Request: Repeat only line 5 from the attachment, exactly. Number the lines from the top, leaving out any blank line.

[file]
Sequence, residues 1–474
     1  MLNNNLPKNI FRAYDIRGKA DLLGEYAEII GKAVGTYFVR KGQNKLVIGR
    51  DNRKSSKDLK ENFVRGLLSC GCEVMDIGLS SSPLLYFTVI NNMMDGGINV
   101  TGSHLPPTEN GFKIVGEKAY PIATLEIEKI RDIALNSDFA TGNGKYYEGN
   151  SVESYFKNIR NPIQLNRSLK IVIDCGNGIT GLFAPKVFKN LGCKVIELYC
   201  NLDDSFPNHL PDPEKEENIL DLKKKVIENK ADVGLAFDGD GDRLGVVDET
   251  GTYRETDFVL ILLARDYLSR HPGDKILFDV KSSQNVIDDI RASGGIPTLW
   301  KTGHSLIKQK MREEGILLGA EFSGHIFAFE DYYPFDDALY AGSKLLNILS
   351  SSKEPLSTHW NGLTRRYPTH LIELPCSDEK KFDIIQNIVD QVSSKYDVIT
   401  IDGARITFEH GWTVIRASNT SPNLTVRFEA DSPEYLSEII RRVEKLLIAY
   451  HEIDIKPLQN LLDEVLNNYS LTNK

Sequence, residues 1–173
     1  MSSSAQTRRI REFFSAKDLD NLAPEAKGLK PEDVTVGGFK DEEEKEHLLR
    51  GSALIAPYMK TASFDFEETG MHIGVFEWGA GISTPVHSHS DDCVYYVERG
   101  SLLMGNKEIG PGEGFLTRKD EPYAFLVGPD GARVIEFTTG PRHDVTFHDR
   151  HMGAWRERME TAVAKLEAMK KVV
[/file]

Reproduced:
   151  SVESYFKNIR NPIQLNRSLK IVIDCGNGIT GLFAPKVFKN LGCKVIELYC